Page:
The review said the force “was justified in adopting the view that the risks of transmitting COVID-19 at the vigil were too great to ignore”.

So that made it reasonable to kettle these people – crowd them into an ever-smaller space, making those risks much greater, did it?

That made it reasonable to arrest these people, did it? Were they crammed like sardines in police vans? Were they crammed like sardines into cells?

Forcing people into close contact with each other seems an extremely odd way to combat a disease that is spread by close contact – especially people who had been very recently injured.

The review said “officers remained calm and professional when subjected to abuse” and “did not act inappropriately or in a heavy handed manner”.

So this wasn’t heavy-handed?

How about this?

Or this?

Hmm.

Like many others, I notice that there was no problem with the Duchess of Cambridge attending the event that Met Police Commissioner Cressida Dick branded illegal.

Why wasn’t Kate Middleton attacked with a baton and bundled into a White Maria?

Ah, but she attended during daylight. The police didn’t move in and start hurting people until after dark. Now, why was that, do you think?

The report by Sky News makes it clear that the atmosphere did not turn hostile until the police started kettling people. Oh, the cops were telling people to leave, were they? How could they do that when the uniforms were cutting off their ability to go?

The bandstand was soon almost surrounded by officers and the atmosphere started to become more hostile. It was at this point that a number of women appeared to be shoved and people starting shouting at the police.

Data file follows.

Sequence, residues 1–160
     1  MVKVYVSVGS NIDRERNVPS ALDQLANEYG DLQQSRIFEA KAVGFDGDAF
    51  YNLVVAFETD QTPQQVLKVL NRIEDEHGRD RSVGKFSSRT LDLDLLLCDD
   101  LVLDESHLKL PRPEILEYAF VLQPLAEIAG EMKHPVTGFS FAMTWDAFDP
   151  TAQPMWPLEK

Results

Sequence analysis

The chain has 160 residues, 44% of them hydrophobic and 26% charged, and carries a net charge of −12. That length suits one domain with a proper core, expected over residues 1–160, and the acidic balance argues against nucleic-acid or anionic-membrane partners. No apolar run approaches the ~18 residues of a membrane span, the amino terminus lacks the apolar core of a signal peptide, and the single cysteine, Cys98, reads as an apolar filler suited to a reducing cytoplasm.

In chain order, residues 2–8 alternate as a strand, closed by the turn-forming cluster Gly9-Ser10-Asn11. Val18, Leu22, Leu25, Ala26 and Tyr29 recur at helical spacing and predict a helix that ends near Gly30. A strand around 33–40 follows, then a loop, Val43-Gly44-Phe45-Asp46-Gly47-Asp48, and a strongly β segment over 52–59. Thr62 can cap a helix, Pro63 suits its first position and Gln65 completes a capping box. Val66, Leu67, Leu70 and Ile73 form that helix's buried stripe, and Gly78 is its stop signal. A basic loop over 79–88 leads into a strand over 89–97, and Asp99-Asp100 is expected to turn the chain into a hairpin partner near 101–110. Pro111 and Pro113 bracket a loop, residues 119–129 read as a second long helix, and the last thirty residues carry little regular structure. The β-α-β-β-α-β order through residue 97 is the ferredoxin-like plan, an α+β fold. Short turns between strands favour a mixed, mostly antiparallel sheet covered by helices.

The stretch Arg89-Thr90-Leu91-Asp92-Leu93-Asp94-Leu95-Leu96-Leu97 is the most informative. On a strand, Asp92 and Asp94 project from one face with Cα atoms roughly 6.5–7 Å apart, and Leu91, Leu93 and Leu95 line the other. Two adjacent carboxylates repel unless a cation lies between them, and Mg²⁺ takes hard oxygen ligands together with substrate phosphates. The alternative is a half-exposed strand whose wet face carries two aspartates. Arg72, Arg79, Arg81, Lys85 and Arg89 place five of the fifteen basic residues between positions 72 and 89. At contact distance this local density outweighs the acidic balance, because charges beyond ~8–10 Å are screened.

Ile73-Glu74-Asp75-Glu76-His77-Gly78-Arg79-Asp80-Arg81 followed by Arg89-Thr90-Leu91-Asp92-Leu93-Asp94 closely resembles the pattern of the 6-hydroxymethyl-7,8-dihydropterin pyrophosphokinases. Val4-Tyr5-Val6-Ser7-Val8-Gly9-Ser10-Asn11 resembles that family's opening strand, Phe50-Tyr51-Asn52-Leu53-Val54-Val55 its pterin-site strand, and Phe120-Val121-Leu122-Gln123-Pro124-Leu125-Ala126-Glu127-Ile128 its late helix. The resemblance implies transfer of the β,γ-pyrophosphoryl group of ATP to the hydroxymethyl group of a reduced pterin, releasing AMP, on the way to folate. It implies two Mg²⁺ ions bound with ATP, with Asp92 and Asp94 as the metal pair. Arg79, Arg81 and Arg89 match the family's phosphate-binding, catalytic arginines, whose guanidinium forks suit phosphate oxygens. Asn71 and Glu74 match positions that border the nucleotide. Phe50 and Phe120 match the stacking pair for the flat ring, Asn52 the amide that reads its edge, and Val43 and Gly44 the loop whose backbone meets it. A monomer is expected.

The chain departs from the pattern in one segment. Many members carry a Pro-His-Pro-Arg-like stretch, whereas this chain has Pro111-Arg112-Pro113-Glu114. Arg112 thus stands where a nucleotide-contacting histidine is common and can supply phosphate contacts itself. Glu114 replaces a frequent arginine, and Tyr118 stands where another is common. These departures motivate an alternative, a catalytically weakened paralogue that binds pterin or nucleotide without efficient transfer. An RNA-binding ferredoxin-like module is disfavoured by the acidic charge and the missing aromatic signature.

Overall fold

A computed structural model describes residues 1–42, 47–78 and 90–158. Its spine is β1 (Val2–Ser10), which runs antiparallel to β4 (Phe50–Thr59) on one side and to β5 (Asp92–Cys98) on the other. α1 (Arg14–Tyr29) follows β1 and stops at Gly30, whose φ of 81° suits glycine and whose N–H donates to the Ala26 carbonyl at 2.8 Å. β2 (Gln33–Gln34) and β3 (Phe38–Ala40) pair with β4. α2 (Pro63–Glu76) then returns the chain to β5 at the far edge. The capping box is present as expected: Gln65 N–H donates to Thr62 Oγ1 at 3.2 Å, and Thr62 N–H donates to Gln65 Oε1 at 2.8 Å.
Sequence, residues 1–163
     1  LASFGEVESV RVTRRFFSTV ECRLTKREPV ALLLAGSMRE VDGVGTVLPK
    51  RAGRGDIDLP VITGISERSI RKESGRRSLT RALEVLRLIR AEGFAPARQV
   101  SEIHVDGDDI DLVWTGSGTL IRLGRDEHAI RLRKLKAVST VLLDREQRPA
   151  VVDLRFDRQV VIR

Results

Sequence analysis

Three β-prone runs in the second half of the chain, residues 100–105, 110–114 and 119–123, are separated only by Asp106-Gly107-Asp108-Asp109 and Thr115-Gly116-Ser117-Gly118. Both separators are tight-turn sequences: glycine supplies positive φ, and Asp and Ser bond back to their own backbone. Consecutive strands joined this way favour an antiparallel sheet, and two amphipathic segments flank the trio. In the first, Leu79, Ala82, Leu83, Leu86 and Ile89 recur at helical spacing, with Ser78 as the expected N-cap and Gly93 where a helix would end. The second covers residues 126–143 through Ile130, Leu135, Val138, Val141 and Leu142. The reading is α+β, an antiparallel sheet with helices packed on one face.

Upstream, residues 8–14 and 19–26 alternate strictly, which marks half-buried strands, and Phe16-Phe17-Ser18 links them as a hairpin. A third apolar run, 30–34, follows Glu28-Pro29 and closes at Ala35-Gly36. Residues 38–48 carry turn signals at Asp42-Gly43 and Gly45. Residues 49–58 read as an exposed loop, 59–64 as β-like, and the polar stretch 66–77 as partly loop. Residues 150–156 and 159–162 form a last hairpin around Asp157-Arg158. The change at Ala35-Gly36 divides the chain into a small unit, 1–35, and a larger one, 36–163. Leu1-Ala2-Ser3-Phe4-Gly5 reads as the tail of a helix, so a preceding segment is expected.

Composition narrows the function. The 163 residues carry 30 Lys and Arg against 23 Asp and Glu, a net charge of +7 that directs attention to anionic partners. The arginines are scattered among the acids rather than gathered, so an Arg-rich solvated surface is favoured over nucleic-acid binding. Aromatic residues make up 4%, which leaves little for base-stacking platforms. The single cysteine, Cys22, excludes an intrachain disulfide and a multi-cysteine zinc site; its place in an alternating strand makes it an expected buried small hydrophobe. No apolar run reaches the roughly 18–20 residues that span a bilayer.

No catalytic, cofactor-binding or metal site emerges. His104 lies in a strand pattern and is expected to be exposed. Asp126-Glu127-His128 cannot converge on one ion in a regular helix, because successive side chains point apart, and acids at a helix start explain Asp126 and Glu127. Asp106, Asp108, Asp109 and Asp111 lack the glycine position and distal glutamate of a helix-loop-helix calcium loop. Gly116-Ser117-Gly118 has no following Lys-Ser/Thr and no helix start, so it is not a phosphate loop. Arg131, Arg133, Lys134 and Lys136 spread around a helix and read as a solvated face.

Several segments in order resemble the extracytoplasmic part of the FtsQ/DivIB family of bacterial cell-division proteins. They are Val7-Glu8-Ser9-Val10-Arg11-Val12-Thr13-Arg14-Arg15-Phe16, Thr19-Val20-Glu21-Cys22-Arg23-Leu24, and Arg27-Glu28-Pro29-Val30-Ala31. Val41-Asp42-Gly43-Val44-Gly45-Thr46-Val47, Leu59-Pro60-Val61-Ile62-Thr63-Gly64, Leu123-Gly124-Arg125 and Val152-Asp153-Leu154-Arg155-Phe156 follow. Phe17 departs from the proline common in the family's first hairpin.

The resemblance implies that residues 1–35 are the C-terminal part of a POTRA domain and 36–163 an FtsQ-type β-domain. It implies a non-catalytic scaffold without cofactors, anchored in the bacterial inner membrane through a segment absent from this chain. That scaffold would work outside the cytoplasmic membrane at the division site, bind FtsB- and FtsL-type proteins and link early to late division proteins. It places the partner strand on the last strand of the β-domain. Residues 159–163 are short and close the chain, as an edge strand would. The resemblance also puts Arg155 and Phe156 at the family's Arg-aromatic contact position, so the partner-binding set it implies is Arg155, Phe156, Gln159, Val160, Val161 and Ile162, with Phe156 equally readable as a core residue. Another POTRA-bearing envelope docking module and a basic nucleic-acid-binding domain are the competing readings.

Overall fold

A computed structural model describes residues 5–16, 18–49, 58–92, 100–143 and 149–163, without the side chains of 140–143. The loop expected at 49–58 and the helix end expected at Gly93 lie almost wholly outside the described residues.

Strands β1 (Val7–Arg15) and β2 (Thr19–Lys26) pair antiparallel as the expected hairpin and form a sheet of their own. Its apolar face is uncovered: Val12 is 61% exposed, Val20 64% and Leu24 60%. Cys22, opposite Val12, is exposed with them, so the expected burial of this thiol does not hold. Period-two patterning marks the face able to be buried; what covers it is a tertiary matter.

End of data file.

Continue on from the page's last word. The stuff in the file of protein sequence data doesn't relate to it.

It seems clear to me that HM Inspectorate of Constabulary came to the conclusion it usually reaches – that the police can do no wrong.

How many attendees at the event were consulted during this review?

None, I’m betting.

No wonder the result was one-sided.

Let’s have a proper, public inquiry – then we’ll hear some uncomfortable facts (but of course, that will never happen).

Source: Met Police ‘acted appropriately’ at Sarah Everard vigil, review finds | UK News | Sky News

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Don’t be fooled: the Tories are stealing your right to protest

Clapham Common: police weren’t actually stamping on Patsy Stevenson’s face, but they might as well have been.

Pretty words from Tory minister Victoria Atkins yesterday could not hide the ugly truth that the Conservative Government is stealing your right to protest in a way best described as fascist.

Atkins, on Andrew Marr’s TV show yesterday (March 14), expressed concern over the way policemen attacked women at a vigil in memory of Sarah Everard, who was allegedly kidnapped and murdered by a policeman.

But she went on to defend the new Police Bill that will allow constables to carry out further attacks on any public protest, demonstration, or rally – no matter how big or small – if even one person complains about noise.

Judge the Tories on what they do, not what they say.

Commentators are starting to realise that this is an attack on our right to protest against oppression – not just by means of male violence, or policing, but by the government itself. Comparisons are being made with Orgreave in the 1980s.

The suggestion that nothing would have happened without police intervention could also be made about the battle of Orgreave during the 1984 miners’ strike, where 6,000 police, including mounted officers, brutally attacked pickets – at one point taking part in a mounted charge on people who were sunbathing.